In the 1950’s, long before the Stonewall riots, “homosexuals” were hunted within the federal government and ejected as they were pegged security risks and communist sympathizers. In 1953 President Dwight D. Eisenhower signed Executive Order 10450, which barred members of the LGBTQ community from entering government service. This stayed in effect until President Bill Clinton rescinded the order in 1995. While our own federal government continues to attack our community, we have made astounding progress since that time. Who would have thought then, that we would live in a world where San Diego has the highest number of out LGBTQ elected officials in the country, and one of our countries leading presidential candidates is openly LGBTQ.
Our Sunday headliner, Melissa Etheridge, is an iconic rock legend and LGBTQ trailblazer who paved the way for so many other out LGBTQ entertainers across genres, genders, and cultural experiences. The ability for compelling LGBTQ artists like Saturday’s headliner, King Princess, to come right out of the gate fully embracing her identity in her music, medium, and public persona embody how far we’ve come since the Stonewall Riots. King Princess’s music is unapologetically queer, honors her identity, and the history of our community. Her breakout song 1950, is a tribute to the struggles our community faced as they had to hide for fear of being outed, losing their jobs, and sometimes their lives.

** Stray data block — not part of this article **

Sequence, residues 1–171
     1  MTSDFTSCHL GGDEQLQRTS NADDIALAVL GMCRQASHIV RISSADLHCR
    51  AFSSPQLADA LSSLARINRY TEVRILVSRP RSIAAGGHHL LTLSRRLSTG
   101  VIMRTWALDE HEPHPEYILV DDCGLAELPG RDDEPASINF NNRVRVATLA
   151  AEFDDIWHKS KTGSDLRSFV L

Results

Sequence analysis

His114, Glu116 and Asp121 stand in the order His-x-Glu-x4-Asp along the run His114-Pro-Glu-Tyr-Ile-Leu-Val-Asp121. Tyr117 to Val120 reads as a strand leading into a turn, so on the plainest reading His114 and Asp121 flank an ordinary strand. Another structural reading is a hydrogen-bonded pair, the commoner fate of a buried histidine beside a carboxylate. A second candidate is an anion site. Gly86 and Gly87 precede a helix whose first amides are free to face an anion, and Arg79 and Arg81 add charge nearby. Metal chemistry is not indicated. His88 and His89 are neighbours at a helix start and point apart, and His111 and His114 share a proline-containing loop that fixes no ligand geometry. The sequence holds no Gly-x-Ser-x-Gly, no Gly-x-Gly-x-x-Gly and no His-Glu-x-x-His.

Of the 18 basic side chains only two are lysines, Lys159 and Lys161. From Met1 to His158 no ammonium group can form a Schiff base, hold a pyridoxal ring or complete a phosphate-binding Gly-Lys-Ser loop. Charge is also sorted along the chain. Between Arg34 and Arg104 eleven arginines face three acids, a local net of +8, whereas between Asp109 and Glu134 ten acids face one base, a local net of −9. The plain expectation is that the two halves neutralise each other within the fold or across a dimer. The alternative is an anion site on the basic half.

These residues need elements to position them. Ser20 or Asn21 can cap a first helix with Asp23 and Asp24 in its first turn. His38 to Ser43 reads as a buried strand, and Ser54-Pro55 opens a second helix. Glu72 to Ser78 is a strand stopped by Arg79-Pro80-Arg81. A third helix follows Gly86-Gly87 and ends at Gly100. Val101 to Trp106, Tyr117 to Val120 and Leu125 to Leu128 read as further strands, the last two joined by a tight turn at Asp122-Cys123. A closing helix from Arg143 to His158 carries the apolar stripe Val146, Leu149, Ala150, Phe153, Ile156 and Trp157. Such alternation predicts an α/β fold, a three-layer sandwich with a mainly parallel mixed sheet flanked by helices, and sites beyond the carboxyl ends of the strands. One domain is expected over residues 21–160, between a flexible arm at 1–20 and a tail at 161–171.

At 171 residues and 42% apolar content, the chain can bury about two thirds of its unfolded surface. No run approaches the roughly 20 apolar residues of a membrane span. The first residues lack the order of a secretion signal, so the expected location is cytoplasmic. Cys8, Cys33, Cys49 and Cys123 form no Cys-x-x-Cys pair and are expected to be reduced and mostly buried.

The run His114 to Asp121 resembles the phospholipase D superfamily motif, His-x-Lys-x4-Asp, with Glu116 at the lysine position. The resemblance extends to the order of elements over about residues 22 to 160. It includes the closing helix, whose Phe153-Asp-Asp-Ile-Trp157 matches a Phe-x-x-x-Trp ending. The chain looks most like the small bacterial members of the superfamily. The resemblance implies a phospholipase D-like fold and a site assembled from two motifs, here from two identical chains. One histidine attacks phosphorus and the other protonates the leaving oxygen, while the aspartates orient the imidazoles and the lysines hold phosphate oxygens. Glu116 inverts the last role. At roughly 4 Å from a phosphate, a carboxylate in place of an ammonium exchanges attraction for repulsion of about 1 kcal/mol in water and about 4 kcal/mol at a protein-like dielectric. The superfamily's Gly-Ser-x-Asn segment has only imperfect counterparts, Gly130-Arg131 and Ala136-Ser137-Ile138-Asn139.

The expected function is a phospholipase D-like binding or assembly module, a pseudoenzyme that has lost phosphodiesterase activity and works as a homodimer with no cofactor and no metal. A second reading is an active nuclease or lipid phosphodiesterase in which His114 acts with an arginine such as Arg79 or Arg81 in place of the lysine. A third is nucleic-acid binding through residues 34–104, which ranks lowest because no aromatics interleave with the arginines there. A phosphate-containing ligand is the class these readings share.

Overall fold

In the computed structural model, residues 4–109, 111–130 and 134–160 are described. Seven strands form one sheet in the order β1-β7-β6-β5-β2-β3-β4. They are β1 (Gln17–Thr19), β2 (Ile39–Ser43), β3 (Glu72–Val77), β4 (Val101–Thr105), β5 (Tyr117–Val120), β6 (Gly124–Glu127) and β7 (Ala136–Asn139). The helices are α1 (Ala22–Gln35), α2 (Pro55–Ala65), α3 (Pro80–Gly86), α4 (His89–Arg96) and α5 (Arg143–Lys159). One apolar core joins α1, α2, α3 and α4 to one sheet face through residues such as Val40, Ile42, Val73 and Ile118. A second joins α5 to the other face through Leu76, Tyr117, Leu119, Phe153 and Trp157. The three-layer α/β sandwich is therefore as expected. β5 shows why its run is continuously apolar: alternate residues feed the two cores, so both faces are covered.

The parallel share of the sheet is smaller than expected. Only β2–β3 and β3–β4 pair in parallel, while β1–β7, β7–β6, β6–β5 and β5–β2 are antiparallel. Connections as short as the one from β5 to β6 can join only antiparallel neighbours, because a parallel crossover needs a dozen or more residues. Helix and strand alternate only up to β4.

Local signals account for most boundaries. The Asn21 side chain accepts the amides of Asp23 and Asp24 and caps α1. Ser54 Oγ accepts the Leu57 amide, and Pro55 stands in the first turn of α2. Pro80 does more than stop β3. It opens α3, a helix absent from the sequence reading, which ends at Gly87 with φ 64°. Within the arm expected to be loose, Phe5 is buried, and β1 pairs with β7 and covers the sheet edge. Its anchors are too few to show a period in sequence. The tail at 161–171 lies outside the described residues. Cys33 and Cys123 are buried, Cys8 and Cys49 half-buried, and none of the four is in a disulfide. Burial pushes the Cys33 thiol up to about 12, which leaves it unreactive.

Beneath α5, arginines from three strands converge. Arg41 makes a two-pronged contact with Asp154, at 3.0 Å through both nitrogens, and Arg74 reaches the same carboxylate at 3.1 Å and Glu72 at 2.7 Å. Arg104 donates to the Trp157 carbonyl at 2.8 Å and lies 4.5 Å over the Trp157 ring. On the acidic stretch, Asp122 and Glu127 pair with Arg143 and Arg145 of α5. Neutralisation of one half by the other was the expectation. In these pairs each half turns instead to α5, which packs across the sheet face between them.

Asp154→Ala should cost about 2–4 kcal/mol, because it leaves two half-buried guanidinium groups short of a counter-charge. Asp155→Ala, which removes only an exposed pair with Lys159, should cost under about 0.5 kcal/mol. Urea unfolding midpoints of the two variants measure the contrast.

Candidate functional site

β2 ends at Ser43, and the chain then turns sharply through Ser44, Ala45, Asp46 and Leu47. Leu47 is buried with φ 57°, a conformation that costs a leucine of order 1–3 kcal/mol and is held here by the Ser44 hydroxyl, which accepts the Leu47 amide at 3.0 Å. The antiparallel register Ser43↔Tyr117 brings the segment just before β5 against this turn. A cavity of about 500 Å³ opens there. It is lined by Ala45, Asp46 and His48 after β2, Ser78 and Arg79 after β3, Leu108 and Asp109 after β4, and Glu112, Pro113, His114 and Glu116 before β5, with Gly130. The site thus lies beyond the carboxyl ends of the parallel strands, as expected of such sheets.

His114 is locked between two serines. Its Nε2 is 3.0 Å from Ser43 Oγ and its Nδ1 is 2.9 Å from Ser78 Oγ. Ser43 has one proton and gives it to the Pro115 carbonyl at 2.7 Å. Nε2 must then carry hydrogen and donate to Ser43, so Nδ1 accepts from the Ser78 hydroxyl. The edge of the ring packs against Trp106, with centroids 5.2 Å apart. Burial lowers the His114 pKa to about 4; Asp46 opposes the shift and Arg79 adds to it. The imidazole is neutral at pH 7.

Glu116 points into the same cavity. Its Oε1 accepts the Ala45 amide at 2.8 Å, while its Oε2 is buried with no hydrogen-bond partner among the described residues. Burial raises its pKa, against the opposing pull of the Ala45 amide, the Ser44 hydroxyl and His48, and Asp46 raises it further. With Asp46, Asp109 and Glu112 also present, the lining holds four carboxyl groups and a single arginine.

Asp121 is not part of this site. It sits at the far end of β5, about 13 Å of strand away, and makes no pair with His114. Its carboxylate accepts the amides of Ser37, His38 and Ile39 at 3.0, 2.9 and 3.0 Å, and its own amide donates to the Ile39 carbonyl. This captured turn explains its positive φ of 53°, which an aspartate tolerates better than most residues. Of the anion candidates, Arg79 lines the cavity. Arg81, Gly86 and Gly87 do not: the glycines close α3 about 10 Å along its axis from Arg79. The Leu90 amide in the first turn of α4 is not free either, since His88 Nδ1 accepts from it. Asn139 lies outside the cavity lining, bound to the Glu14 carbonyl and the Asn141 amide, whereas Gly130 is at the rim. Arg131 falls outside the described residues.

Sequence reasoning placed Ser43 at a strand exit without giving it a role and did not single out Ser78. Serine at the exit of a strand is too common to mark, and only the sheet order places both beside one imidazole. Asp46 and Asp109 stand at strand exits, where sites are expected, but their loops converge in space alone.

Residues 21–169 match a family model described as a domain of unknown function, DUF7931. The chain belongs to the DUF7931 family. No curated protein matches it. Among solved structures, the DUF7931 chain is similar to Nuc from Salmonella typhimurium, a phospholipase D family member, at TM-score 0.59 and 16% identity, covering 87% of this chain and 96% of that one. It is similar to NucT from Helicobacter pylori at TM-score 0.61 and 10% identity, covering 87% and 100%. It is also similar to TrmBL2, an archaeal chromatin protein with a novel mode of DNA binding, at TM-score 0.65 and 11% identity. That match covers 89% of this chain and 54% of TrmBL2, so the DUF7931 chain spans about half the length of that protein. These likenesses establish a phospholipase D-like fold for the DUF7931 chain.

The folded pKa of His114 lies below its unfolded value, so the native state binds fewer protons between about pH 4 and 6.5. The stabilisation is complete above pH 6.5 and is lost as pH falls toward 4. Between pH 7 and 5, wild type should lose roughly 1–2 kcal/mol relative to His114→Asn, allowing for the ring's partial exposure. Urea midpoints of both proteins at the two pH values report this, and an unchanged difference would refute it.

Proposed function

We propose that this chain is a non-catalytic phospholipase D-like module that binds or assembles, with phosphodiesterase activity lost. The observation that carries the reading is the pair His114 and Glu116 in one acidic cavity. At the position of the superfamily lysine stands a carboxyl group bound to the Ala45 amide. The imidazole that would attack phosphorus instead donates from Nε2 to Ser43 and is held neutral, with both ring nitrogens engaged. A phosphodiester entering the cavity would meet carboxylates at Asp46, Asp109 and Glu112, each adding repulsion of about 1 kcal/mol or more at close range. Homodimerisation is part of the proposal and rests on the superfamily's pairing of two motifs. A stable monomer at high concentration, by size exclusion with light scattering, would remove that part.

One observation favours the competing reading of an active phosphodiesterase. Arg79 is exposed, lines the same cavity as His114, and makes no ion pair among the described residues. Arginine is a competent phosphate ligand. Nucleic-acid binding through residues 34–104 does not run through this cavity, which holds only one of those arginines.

This year’s Pride is a celebration of legacy, as our diverse community makes intentional space for ourselves to honor our pursuit of justice with joy out of a world and systems that were not built with our well being in mind. Every generation is a part of our movement, and know if we approach our own individual legacies with intention, we can build on the struggles and successes of our past to leave a better world for those who come next. We are all connected to this legacy of liberation.
Fernando Lopez is the Executive Director of San Diego Pride. Lopez’s years of LGBT advocacy, nonprofit management, public education, diversity consulting, media relations, guest lectures, and organizing have made him a consistent presence ensuring the struggles of the LGBT community are ever visible.